Based on this evidence, the arbitrator found that Price had failed to prove that he sustained accidental injuries arising out of and in the course of his employment. The arbitrator determined that stepping from the curb and twisting an ankle was not resultant from a risk peculiar to the employment of the claimant and that he was not exposed to a risk of injury greater than that to which the general public was exposed.

The Industrial Commission reversed the arbitrator's decision, finding that because Price had to step off the curb to get to the parking lot, his injury arose out of and in the course of his employment. Caterpillar contends that this decision is against the manifest weight of the evidence and urges this court to set aside the decision of the Industrial Commission.

We begin our analysis by recognizing that in order for an injury to be compensable under the Workers' Compensation Act, the injury must "arise out of" and "in the course of" the employment. (Ill. Rev. Stat. 1987, ch. 48, par. 138.2.) The phrase "in the course of" refers to the time, place and circumstances under which the accident occurred. (Orsini v. Industrial Comm'n (1987), 117 Ill. 2d 38, 44.) This court has recognized that accidental injuries sustained on an employer's premises within a reasonable time before and after work are generally deemed to arise in the course of the employment (see Jones v. Industrial Comm'n (1980), 78 Ill. 2d 284, 286; Peel v. Industrial Comm'n (1977), 66 Ill. 2d 257, 260) and Caterpillar does not dispute that point. However, the fact that the injury arose in the course of the employment is not sufficient to impose liability; to be compensable, the injury must also "arise out of" the employment. Orsini v. Industrial Comm'n (1987), 117 Ill. 2d 38, 45; Greene v. Industrial Comm'n (1981), 87 Ill. 2d 1, 5.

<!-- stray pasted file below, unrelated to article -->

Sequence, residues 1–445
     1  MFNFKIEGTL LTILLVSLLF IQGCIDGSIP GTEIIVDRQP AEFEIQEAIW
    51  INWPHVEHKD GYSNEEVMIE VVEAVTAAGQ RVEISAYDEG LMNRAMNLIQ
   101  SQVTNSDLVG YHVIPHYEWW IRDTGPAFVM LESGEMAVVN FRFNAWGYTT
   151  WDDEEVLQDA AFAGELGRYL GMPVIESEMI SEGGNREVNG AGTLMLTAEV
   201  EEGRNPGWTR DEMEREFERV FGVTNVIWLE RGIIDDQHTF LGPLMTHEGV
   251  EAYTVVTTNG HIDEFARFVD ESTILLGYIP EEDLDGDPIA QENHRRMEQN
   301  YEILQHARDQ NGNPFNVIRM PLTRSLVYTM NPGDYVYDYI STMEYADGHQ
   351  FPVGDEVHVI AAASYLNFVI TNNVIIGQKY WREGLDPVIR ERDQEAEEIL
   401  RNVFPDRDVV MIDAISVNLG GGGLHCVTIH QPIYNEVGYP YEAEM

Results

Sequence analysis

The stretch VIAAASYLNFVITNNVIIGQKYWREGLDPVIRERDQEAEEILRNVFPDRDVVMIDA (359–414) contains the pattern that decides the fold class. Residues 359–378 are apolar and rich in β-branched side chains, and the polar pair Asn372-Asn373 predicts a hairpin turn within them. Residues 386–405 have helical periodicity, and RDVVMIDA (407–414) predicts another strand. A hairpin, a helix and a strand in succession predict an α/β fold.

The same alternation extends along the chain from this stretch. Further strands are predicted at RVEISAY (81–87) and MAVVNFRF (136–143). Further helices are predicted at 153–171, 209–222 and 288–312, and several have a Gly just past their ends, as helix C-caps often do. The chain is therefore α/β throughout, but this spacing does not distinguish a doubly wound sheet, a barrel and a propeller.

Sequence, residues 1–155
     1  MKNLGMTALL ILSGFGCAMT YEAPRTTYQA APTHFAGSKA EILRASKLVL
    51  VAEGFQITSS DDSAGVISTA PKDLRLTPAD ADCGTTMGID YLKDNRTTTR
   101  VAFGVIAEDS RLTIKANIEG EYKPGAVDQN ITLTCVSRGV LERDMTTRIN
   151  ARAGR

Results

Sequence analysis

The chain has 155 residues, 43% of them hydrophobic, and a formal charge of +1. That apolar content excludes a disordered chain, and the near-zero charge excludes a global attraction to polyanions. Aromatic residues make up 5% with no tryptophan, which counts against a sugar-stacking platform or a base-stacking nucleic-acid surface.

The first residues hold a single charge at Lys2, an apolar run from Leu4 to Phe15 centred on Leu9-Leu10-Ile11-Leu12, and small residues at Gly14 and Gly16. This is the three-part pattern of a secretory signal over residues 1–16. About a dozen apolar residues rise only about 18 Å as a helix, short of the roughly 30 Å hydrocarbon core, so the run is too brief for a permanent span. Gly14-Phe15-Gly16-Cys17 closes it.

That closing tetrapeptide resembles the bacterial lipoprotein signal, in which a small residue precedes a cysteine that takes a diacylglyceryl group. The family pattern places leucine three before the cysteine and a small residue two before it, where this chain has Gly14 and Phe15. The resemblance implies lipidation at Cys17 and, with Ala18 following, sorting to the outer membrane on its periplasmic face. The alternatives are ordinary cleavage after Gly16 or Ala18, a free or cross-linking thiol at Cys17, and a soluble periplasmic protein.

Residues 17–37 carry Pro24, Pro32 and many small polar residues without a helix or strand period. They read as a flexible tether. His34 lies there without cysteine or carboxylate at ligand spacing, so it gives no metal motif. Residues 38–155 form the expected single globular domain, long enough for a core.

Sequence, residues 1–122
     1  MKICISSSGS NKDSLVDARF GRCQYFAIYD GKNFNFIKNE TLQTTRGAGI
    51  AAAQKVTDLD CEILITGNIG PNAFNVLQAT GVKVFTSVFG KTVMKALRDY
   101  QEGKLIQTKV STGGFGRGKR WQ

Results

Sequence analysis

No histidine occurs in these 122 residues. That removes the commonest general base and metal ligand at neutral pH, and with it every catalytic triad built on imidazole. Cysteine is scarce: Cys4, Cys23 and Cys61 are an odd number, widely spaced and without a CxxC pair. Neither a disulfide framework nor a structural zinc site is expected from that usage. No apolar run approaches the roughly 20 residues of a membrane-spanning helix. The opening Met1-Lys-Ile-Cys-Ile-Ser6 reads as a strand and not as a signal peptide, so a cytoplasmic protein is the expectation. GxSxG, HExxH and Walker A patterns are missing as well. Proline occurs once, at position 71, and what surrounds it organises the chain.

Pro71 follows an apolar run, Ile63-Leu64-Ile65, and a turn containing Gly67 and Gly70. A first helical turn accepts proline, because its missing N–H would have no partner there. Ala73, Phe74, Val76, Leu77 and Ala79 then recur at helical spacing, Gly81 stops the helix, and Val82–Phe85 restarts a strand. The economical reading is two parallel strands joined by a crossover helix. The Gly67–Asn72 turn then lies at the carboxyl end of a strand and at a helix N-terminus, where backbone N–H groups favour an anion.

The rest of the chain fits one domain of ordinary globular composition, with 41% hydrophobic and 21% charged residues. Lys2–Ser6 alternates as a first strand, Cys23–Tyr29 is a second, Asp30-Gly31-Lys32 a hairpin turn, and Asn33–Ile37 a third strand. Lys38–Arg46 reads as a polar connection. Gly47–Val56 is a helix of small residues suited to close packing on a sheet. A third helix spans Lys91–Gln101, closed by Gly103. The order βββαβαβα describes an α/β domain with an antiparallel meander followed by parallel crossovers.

For an injury to "arise out of" the employment its origin must be in some risk connected with, or incidental to, the employment so as to create a causal connection between the employment and the accidental injury. (Jewel Cos. v. Industrial Comm'n (1974), 57 Ill. 2d 38, 40; Chmelik v. Vana (1964), 31 Ill. 2d 272, 277.) Typically, an injury arises out of one's employment if, at the time of the occurrence, the employee was performing acts he was instructed to perform by his employer, acts which he had a common law or statutory duty to perform, or acts which the employee might reasonably be expected to perform incident to his assigned duties. (Howell Tractor & Equipment Co. v. Industrial Comm'n (1980), 78 Ill. 2d 567, 573.) A risk is incidental to the employment where it belongs to or is connected with what an employee has to do in fulfilling his duties. Orsini v. Industrial Comm'n (1987), 117 Ill. 2d 38, 45; Fisher Body Division, General Motors Corp. v. Industrial Comm'n (1968), 40 Ill. 2d 514, 516; see, e.g., Peel v. Industrial Comm'n (1977), 66 Ill. 2d 257 (claimant injured while pushing vehicle which was blocking entrance to parking lot); Union Starch, Division of Miles Laboratories, Inc. v. Industrial Comm'n (1974), 56 Ill. 2d 272 (claimant injured during break on employer's roof).